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Delicious 2.0 is more than a pretty new face

I'm no longer at Yahoo! and I no longer work on Delicious, but I'm still a huge supporter. And, since I'm pretty sure everyone over there is either burnt out or still insanely busy at the moment, it might be awhile before anyone tells the full story of what this relaunch offers. As it is, even I only know a bit of what all went into this effort.

So, off the top of my head, I thought I might point out just a few of the easily-missed improvements the new site offers beyond the great new love-it-or-hate-it visual redesign that seems to have occupied most of the discussion I've seen so far:

Search works and is incredibly fast. In fact, search may really be the real star of the redesign show here—especially since del.icio.us often took 30 seconds or more for a simple search, rendering it all but useless. Today, though, it's at ludicrous speed in comparison—and so finally, the real power of search applied to social bookmarking might start to shine with the critical mass of content found by real people using Delicious.

To scratch my own itch, I've created an unofficial OpenSearch search engine plugin for Delicious on Mycroft. Though I think it comes along with the browser extensions, I've yet to find this for autodiscovery from the site itself.

The notes field in bookmarks has been expanded from 255 to 1000 characters. Yes, this means that you can now include long running quotes from pages, or complete paragraphs of rambling discourse.

The feeds have all been overhauled and reorganized. An attempt at backward compatibility was made, but the old feed URLs are all deprecated. Replacing these, there's now a common and consistent URL namespace for feeds across formats.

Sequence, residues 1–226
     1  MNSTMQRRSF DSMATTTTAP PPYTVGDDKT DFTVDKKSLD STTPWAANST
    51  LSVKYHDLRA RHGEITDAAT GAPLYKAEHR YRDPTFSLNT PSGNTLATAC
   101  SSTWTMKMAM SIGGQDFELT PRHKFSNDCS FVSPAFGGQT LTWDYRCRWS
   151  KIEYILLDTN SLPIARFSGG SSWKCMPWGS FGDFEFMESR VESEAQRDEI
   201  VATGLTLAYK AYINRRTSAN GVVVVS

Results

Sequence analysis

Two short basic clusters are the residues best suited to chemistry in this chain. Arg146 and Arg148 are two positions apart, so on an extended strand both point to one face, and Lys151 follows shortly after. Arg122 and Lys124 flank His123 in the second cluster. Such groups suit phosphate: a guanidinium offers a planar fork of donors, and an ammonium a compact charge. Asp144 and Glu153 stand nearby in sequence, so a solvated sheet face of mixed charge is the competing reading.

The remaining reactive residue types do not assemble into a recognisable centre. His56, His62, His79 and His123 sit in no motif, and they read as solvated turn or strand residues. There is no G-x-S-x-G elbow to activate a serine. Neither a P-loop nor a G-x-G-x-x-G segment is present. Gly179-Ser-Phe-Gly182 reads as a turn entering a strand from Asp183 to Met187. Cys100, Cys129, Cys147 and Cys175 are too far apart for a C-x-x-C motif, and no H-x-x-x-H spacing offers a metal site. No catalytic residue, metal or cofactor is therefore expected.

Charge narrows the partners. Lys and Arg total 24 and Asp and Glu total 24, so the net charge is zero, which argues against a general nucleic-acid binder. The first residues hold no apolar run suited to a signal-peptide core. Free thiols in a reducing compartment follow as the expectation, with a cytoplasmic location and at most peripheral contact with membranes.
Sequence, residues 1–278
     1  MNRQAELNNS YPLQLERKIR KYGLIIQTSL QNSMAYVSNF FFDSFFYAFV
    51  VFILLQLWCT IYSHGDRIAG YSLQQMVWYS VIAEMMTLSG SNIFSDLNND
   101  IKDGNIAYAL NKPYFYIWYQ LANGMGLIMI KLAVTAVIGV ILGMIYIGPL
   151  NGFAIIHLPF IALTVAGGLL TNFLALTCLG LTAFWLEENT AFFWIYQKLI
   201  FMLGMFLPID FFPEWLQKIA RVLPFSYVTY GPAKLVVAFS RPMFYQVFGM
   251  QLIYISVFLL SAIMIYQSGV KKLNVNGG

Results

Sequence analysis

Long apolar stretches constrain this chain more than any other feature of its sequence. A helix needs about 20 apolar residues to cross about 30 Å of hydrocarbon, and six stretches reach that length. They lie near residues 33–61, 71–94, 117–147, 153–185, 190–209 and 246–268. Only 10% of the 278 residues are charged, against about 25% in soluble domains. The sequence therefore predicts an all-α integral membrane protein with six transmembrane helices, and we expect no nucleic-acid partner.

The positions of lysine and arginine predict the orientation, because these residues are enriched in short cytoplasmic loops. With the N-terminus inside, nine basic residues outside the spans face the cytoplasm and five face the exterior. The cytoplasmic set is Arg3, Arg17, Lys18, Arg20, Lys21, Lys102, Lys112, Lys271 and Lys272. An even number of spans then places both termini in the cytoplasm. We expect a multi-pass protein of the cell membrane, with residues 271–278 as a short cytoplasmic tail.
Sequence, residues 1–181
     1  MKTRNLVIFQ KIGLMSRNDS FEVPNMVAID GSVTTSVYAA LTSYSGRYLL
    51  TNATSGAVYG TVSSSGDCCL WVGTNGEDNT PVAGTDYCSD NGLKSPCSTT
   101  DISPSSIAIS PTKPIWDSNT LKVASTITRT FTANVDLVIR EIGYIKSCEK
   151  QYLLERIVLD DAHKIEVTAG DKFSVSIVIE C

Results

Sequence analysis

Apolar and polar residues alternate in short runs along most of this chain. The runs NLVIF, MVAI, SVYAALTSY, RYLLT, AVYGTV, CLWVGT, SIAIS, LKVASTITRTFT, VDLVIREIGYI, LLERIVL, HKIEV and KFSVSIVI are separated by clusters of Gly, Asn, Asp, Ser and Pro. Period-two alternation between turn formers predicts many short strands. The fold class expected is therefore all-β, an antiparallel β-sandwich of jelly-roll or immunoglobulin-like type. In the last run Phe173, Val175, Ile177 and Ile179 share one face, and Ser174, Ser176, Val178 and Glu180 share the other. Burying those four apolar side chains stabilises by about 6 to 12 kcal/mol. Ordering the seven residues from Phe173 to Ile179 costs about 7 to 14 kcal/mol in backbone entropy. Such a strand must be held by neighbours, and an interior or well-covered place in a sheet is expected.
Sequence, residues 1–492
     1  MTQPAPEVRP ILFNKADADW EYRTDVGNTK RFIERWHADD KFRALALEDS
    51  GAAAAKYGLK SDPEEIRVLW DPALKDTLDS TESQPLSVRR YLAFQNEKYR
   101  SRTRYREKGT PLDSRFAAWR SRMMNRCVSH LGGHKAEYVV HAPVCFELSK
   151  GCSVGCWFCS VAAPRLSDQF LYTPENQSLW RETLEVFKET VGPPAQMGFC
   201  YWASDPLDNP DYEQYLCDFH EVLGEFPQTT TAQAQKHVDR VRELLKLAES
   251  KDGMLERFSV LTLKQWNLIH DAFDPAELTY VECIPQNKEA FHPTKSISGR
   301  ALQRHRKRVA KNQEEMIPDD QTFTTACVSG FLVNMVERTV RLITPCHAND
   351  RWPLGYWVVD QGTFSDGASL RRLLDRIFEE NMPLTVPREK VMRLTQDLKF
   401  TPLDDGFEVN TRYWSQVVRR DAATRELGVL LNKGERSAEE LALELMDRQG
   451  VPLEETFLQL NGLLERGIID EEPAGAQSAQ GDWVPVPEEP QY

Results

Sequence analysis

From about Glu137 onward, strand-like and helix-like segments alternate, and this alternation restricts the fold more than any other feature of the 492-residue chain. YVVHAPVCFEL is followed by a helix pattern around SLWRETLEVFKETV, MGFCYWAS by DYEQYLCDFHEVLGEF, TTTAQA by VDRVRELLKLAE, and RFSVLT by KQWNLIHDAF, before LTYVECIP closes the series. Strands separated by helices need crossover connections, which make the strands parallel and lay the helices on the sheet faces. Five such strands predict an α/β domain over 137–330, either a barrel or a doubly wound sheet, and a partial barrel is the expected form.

Almost all RSS feeds have JSONP counterparts, and further feed formats could be considered. Additionally, the old mix of RSS 1.0 and 2.0 has been dropped in favor of RSS 2.0 format across the board to support podcast and media enclosure elements consistently. The linkrolls, tagrolls, network badges, and tagometers now all use the new JSONP feeds—and the widgets can be examined as example code in using the feeds.

Tag bundles can now be viewed as combined bookmark views, complete with feeds. This augments bundles from a simple visual organization tool to a more powerful content aggregation function. Personally, I never had much use for tag bundles until now, but since they can actually be used to partition tags and bookmarks I might actually take the time to use them. Check out these example URLs:

Bundles now work for tags, network contacts, and subscriptions. This means, for example, that you can partition your network contacts into topical groups. From there, you can subscribe to those partitioned bookmarks in different folders in readers, or use the bundled bookmark views in mashups through JSON feeds. Check out these example URLs:

Network member and fan feeds now include the date when the contact was added. Pro tip: Subscribe to fan feeds to see when new people have started following your bookmarks.

Several previously undocumented parts of the V1 API have now been documented. In particular, the following new parameter combinations have been used with the browser extensions for primitive bookmark sync:

The posts/all API URL works again for users with large collections. With my 11k+ bookmarks, del.icio.us was keeling over with the attempt to assemble and deliver my entire collection with a posts/all call. Now, however, Delicious 2.0 appears able to handle this call for my account.

Easter eggs have been rotated and recalibrated. No, I'm not going to tell you what or where or how many they are.

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